At the opening night of Wang Haiyang’s exhibition someone described his work as provocative. The term is standard fare in the art world for things as diverse as “off-putting” to “politically challenging” so saying something is provocative can be a bit of a guessing game. In reference to Wang’s work, I think the person meant “viscerally disturbing,” which is a fine description of the power of the exhibition and one I agree with. The exhibition was aggressively lascivious while simultaneously touching on loneliness and distance—things Wang has repeatedly examined. The distance, the loneliness, and the strange outbursts of lust are symptoms of apathy, and apathy is what I believe Wang wants to end.
This exhibition, specifically the video The City of Dionysus (2018), uses loneliness, lust, and absurdity and brings them to extreme ends. It is one of many videos Wang Haiyang has done in his career but it stands as distinctly graphic (possibly to the point of upsetting some viewers) in comparison to others like Freud, Fish & Butterfly (2009) and Double Fikret (2012), which also address the same concepts. Wang made the earlier videos with a stop-motion camera and pastel drawings on sandpaper that he erased and redrew to unravel a loose narrative based upon his own subconscious associations between images. The earlier pieces are immensely intriguing: you are watching a true Surrealist with a style similar to René Magritte unfold his subconscious like an exquisite corpse. The City of Dionysus, however, is far more refined.
The second half of The City of Dionysus unfolds similarly, but (for the first time) Wang uses watercolors and his subjects—rather than associations of real-world objects—are associations of real-world emotion, specifically lust taken to aggressive extremes. What starts as splashes of watercolor develops quickly into humans in various positions of amorphous passion. Without saying much more, the second half of the video is an intense depiction of the graphic side of lust.
This scene is juxtaposed against the first half of the film, which is a short story about the death and decomposition of a reclusive elderly neighbor whose body went unnoticed for days until, finally, the police broke down the door and discovered her decomposing body. The visuals—timed alongside the narration—start with scenes of construction sites and enormous gasping faces superimposed over debris. The story of the neighbor is embellished by these faces as they cry out for recognition but are ultimately ignored by construction workers tearing down the landscape.
The City of Dionysus leaves us uncomfortable. Perhaps we are unnerved by the truth that lust and loneliness exist simultaneously and can quickly turn us into a nightmarish creature. Or perhaps we are just dismayed by the not-so-subtle images in the video. Or, most frighteningly, we feel nothing.
Just as he brings the relationship between lust and loneliness to the foreground in The City of Dionysus, he contrasts the human and the Other in the expertly-crafted pastel series Skins (2018).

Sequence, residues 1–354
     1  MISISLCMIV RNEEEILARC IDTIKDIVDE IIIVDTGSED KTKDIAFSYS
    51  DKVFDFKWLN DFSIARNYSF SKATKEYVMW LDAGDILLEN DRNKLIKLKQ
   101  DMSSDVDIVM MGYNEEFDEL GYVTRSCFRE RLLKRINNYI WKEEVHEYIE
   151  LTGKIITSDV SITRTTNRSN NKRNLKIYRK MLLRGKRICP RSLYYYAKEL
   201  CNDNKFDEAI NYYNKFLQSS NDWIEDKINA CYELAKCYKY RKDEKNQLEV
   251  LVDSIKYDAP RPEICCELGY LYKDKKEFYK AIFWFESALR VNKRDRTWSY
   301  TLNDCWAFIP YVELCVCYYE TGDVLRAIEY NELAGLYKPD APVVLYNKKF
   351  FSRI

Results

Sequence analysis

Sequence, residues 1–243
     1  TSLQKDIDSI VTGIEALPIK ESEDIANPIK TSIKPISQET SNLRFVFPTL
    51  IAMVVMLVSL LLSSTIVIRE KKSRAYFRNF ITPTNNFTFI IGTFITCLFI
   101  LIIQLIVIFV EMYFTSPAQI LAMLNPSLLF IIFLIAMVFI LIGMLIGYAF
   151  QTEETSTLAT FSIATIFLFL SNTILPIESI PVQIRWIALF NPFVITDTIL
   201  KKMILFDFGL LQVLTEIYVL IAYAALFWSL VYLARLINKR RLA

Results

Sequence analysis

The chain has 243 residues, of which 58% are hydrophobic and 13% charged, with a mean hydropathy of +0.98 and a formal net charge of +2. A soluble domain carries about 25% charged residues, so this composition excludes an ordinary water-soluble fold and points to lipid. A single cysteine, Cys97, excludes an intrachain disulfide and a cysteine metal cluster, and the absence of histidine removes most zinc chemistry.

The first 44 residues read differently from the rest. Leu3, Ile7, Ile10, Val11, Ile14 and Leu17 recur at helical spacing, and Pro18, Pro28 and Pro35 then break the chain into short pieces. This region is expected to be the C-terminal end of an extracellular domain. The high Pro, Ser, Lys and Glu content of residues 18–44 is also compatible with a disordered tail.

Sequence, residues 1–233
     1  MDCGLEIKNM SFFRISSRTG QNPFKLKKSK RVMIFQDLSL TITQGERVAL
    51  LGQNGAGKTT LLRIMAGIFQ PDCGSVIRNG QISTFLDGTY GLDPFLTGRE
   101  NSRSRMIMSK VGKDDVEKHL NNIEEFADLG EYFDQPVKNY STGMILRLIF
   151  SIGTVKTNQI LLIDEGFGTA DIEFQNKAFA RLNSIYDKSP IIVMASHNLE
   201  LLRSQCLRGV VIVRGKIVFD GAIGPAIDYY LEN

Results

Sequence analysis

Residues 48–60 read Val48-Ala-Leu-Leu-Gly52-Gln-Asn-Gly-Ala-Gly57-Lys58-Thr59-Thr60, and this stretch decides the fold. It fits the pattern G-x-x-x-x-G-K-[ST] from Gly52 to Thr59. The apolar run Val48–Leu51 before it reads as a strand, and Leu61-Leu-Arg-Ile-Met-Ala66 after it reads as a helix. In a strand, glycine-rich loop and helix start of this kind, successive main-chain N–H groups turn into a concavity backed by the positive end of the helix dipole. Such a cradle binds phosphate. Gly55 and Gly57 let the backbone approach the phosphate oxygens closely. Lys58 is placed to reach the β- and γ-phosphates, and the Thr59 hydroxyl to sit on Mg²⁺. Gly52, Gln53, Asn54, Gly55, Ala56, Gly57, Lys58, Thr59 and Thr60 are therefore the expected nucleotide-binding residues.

The series is a view of humanoids at a distance established by their hairiness. But all of their actions, desires, and fears are undeniably human. The implication is that we are the ones creating this distance and ennui by not being able to see beyond the superficial. The depictions in Skins are far less aggressive than those in The City of Dionysus but Wang again contrasts the viewer’s position to those depicted. Repeatedly, we are exposed to the lives of others in their moments of fear, lust, pain, and vulnerability. On the other hand, we are safe in the gallery with its luxurious blue velvet curtains and faux-fur carpet. We’re wearing shoe covers so we can keep the exhibition clean and we’re probably well-dressed and well-groomed, idly pondering our antipode strung from the ceiling awaiting masochistic torture.
The imagery may be unnerving but the purpose becomes clear the longer we stay in the exhibition: how much empathy do we have for those people in Skins and for the grandmother in The City of Dionysus? We easily ignore our disturbing reality in favor of the gentle convenience of manufactured consent—something unseen and unheard might as well not exist. But showing our absurdities is not enough.
That is why I think Wang’s exhibition leans heavily on participation. Participation starts as a suggestion through the piece Party in the Anus (2018), a harmless looping video of someone in a brown bodysuit, a white wig, and red heels dancing atop a drawing of a rectum who invites us to dance in their awkward silent disco—and then ends with us being implicated in perpetuating what we abhor in Skins, The City of Dionysus and its paintings.
But here we return to the exhibition’s mortal enemy, apathy. More than ever, Wang’s works are aggressively engaging and try to shatter any blasé attitude. However, aggression usually turns people away. And while an unwilling participant may still be a participant, they won’t be leaving with much.
One final point on superficiality. We probably are not going to post many images from Wang’s exhibition online and I’m also apprehensive about posting images here. The images are just too graphic. Plus, what would our friends think f they saw them? Instead, Wang challenges convention in another way: if we really find the work important we will have to carry them in our minds where they’ll live on as empathy.
Visit the exhibition because there are few that are as hilarious and as absurd. And stay, because the more time you spend amongst the work the easier the superficial layers will be removed.